(Source: South Park Studios/Comedy Central)

Al Gore says "not so fast" to climate skeptics who have recently been on the offensive. Gore penned a piece defending the research and discussing recent incidents, which was published as an op-ed in The New York Times.  (Source: AP)
Recent climate research embarrassments don't change the overall truth, he argues

There's a mounting movement to discredit research that our world is warming.  In recent months a report by the United Nation's International Panel on Climate Change had portions retracted due to inaccuracy, leading to questions about its chief Rajendra Pachauri.  And in Britain, the fallout from the Climate Research Unit leaked email scandal continues.

Al Gore, oft a popular target of snide remarks by climate change skeptics, is back in the spotlight after delivering an impassioned commentary about these recent events, published in 
The New York Times.  

His message is relatively straightforward; he writes, "Scientific enterprise will never be completely free of mistakes. What is important is that the overwhelming consensus on global warming remains unchanged."

In the piece, Gore says he wishes that climate change wasn't real.  He states, "It would be an enormous relief if the recent attacks on the science of global warming actually indicated that we do not face an unimaginable calamity requiring large-scale, preventive measures to protect human civilization as we know it...We would no longer have to worry that our grandchildren would one day look back on us as a criminal generation that had selfishly and blithely ignored clear warnings that their fate was in our hands. We could instead celebrate the naysayers who had doggedly persisted in proving that every major National Academy of Sciences report on climate change had simply made a huge mistake."

"I, for one, genuinely wish that the climate crisis were an illusion."

In the article he directly addresses the recent controversies, a somewhat unusual tactic.  He does, however, take issue with the idea that the mistakes amount to intentional deception or change the accuracy of the overall picture.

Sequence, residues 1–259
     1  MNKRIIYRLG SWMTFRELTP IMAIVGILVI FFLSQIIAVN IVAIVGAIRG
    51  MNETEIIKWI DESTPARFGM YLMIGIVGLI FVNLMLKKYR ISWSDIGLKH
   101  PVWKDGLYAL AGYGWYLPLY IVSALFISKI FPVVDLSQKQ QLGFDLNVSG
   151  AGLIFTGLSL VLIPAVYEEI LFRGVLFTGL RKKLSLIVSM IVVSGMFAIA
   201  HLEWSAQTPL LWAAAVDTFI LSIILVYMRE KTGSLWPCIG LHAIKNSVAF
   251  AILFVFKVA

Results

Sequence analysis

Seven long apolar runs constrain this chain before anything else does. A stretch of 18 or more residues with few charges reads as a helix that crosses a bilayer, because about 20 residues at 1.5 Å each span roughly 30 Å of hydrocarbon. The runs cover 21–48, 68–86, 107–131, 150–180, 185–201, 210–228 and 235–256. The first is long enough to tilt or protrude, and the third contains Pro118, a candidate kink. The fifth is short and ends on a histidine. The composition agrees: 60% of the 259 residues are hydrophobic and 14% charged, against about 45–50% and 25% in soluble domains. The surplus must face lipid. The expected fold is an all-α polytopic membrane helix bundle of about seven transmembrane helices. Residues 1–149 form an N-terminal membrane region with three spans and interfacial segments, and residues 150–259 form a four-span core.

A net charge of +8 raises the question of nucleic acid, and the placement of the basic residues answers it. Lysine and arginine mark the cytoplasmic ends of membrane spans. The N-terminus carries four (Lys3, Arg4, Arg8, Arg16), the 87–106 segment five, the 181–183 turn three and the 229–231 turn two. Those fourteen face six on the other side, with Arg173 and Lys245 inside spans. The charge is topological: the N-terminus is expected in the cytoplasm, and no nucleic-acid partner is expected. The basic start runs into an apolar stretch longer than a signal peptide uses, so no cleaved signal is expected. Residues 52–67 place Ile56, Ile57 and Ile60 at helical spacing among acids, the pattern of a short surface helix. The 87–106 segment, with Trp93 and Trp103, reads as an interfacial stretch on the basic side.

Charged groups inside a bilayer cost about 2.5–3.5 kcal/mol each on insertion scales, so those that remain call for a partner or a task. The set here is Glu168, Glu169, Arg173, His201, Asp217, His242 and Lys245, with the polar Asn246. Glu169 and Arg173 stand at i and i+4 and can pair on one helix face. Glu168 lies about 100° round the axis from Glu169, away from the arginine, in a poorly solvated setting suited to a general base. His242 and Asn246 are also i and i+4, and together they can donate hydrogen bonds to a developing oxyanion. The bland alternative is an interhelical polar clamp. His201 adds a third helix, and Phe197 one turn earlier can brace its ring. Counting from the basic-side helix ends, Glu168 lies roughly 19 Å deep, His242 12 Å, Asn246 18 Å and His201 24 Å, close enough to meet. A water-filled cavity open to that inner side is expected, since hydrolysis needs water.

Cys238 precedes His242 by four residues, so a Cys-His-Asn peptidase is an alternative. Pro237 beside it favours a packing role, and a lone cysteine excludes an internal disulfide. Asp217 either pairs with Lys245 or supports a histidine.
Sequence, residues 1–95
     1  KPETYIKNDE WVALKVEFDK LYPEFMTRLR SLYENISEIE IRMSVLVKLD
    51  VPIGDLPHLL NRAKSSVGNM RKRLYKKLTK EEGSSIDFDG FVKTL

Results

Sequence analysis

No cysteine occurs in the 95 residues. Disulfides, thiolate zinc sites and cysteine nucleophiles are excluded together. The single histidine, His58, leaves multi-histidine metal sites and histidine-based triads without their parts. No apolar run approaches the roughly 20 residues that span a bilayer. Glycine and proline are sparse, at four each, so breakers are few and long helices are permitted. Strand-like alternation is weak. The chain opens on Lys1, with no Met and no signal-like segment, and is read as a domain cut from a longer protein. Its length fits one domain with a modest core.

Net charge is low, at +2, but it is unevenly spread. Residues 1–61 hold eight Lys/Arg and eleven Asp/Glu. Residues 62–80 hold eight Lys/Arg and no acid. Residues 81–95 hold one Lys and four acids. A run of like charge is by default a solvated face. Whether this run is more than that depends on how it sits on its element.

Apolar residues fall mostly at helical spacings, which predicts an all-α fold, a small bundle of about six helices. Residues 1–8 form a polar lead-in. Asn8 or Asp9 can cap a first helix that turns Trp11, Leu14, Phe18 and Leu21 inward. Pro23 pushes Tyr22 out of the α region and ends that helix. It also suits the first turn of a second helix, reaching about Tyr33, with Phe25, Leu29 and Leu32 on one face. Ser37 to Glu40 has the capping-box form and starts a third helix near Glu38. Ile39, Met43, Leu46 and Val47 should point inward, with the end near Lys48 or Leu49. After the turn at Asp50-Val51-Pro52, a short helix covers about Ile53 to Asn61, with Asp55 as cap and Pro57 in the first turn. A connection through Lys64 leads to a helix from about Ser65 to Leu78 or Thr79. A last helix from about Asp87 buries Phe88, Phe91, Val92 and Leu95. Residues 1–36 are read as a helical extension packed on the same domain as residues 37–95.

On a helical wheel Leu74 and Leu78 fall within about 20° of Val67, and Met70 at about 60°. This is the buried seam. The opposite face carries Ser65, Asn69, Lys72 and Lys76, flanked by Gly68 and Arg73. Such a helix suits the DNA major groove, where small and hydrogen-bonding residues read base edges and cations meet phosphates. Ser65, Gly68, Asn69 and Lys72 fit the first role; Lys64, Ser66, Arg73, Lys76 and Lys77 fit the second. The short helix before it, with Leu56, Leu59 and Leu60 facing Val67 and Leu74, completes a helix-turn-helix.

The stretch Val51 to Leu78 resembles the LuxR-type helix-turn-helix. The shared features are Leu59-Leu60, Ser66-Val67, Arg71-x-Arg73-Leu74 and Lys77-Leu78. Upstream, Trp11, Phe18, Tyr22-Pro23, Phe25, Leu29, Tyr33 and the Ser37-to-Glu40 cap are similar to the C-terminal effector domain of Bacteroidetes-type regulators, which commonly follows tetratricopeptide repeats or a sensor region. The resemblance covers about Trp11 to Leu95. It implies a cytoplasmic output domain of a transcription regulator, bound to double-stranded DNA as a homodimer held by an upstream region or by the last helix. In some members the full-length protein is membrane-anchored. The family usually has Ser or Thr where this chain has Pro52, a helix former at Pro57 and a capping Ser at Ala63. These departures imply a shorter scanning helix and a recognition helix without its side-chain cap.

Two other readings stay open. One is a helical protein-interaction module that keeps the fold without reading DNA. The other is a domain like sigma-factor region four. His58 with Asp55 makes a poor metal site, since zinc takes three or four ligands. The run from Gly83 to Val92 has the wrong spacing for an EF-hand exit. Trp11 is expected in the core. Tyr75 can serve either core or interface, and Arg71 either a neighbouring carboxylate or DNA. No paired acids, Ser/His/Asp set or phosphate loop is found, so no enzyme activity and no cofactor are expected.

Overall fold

He likens climate denialism to denials about tobacco's health impact.  He writes, "Over the years, as the science has become clearer and clearer, some industries and companies whose business plans are dependent on unrestrained pollution of the atmospheric commons have become ever more entrenched. They are ferociously fighting against the mildest regulation — just as tobacco companies blocked constraints on the marketing of cigarettes for four decades after science confirmed the link of cigarettes to diseases of the lung and the heart."

Gore is advocating the "cap-and-trade" bill championed by President Barack Obama be passed.  The bill was passed by the U.S. House and is currently being debated by the U.S. Senate.  In his op-ed, Gore writes, "Because the world still relies on leadership from the United States, the failure by the Senate to pass legislation intended to cap American emissions before the Copenhagen meeting guaranteed that the outcome would fall far short of even the minimum needed to build momentum toward a meaningful solution."

Mr. Gore is deeply invested in the topic of climate change in many ways.  He made millions off his best-selling book and movie, 
The Inconvenient Truth.  He also reportedly earns at least five figures for speaking engagements at college campuses and public locations.  Gore, already quite wealthy, has also invested heavily in government subsidized green-tech firms, leading some to claim that he is a "carbon billionaire".

Gore has drawn a great deal of criticism, however.  Donald Trump, a rather famous climate skeptic, has gone as far as to suggest that he should be stripped of the Nobel Peace Prize he received for his climate work.  Senator Jim DeMint (R-South Carolina), tweeted a snide response to Gore's column, writing, "It's going to keep snowing in DC until Al Gore cries 'uncle'."

Gore actually discusses the greater than usual U.S. snowfall in his piece, though.  He writes, "The heavy snowfalls this month have been used as fodder for ridicule by those who argue that global warming is a myth, yet scientists have long pointed out that warmer global temperatures have been increasing the rate of evaporation from the oceans, putting significantly more moisture into the atmosphere — thus causing heavier downfalls of both rain and snow in particular regions, including the Northeastern United States. Just as it’s important not to miss the forest for the trees, neither should we miss the climate for the snowstorm. "

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